Nginx

Configure HSTS (HTTP Strict Transport Security) for Apache and Nginx

HTTP Strict Transport Security (HSTS) is a security capability to force clients to use HTTPS. In this article, we implement HSTS for Apache and Nginx.

Summary of Configure HSTS (HTTP Strict Transport Security) for Apache and Nginx

HTTP Strict Transport Security (or HSTS) is a security capability to force web clients using HTTPS. The idea behind HSTS is that clients which always should communicate as safely as possible. At achieve this, the web server and web browser will prefer the HTTPS protocol instead of HTTP. Benefits The clear benefit of “forcing” a client to use HTTPS directly, is decreasing the risk of sharing any sensitive information via a protocol which can be snooped upon.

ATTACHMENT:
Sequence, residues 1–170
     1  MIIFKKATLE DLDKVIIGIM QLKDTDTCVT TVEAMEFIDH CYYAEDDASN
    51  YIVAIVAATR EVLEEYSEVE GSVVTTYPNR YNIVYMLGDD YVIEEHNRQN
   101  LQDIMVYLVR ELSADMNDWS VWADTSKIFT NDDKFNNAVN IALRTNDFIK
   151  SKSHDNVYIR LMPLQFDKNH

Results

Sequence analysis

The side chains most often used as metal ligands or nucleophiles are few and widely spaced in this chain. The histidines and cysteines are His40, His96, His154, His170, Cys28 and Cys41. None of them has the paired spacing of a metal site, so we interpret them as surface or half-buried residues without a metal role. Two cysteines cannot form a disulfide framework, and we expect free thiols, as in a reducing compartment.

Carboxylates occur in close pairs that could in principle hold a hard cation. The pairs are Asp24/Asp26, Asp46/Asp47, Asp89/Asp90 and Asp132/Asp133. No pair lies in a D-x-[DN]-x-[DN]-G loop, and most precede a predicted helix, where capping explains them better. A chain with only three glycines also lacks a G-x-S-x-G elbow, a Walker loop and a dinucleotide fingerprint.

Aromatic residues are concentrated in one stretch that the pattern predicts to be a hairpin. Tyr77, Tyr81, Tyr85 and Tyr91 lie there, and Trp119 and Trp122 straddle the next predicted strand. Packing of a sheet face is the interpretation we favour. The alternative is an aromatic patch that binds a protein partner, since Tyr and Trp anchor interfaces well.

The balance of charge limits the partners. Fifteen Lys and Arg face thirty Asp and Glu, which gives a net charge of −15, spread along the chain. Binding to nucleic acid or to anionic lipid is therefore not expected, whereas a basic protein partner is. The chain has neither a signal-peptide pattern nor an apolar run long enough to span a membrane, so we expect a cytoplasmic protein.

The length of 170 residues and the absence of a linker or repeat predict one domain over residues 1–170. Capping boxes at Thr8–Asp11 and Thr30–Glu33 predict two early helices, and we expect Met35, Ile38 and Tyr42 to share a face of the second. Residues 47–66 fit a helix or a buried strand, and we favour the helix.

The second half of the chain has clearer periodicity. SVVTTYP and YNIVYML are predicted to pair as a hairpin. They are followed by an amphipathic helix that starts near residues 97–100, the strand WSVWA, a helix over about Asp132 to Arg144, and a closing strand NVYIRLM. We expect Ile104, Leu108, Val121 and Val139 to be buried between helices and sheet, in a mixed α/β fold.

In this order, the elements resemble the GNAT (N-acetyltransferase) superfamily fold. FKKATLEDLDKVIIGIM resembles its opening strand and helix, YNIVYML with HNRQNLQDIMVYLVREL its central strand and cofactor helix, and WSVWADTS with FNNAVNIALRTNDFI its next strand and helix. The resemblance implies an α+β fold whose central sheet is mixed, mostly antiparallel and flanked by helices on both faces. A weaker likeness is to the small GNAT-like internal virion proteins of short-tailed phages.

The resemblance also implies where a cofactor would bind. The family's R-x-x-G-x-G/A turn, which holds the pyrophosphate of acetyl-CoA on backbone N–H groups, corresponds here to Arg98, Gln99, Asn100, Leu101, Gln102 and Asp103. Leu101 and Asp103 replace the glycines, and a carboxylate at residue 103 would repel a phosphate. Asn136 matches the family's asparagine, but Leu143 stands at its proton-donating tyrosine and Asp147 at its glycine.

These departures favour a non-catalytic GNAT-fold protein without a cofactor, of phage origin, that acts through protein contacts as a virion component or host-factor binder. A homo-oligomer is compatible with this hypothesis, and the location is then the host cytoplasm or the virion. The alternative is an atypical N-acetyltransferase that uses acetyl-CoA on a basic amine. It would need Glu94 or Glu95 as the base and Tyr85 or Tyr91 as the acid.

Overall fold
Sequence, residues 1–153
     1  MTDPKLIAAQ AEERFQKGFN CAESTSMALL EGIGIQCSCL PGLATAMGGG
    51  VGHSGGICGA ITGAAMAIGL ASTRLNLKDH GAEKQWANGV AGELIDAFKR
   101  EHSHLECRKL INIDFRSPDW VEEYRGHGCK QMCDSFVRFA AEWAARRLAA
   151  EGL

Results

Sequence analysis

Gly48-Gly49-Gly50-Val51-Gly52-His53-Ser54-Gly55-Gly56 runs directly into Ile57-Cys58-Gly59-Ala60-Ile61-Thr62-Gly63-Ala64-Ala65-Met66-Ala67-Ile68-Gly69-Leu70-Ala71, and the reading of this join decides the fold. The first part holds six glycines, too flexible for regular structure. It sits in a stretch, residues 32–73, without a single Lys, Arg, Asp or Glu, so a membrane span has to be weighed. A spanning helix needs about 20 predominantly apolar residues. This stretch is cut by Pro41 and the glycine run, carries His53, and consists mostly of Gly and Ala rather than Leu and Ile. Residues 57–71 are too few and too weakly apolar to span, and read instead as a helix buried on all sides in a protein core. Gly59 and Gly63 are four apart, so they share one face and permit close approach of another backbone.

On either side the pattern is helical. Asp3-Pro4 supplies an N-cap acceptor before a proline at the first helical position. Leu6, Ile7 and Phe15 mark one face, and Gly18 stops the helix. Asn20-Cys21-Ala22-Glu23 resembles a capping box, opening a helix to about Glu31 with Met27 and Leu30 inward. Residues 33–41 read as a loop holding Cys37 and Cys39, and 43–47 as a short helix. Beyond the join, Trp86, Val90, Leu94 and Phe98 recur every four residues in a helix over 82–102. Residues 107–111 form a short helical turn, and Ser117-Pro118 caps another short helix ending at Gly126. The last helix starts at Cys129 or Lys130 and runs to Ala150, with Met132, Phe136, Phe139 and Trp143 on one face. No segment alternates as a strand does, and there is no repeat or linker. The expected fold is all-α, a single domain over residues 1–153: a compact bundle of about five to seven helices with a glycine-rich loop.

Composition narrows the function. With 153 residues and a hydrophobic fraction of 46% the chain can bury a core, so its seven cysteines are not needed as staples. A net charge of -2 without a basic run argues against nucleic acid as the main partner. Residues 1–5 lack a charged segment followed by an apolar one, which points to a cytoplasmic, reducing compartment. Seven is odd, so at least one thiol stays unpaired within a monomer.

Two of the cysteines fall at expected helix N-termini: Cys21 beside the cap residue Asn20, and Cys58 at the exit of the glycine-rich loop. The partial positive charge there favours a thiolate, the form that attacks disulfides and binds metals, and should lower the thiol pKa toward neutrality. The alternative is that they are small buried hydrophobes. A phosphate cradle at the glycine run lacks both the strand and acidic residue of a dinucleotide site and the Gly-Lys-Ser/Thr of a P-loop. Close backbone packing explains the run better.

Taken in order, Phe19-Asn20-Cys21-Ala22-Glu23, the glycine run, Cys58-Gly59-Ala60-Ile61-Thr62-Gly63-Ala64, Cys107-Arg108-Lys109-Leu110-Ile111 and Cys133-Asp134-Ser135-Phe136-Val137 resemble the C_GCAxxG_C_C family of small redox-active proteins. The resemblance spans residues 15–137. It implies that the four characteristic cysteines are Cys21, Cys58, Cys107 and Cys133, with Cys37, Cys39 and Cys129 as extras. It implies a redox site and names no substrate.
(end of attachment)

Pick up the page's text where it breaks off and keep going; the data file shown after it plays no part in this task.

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Hiding the nginx version number

Security professionals usually don't advise to use "security through obscurity". Still, it's wise to hide the nginx version number.

Summary of Hiding the nginx version number

If you care about security, making your system “lean” is one very good start. Remove all clutter, like unused packages. It is part of system hardening and considered a good practice. This also applies to leaking of version numbers, which can only be harmful. Yes.. it is security through obscurity. But why would you reveal specific details about your environment to attackers? In this article we have a look at the very popular Nginx web server daemon.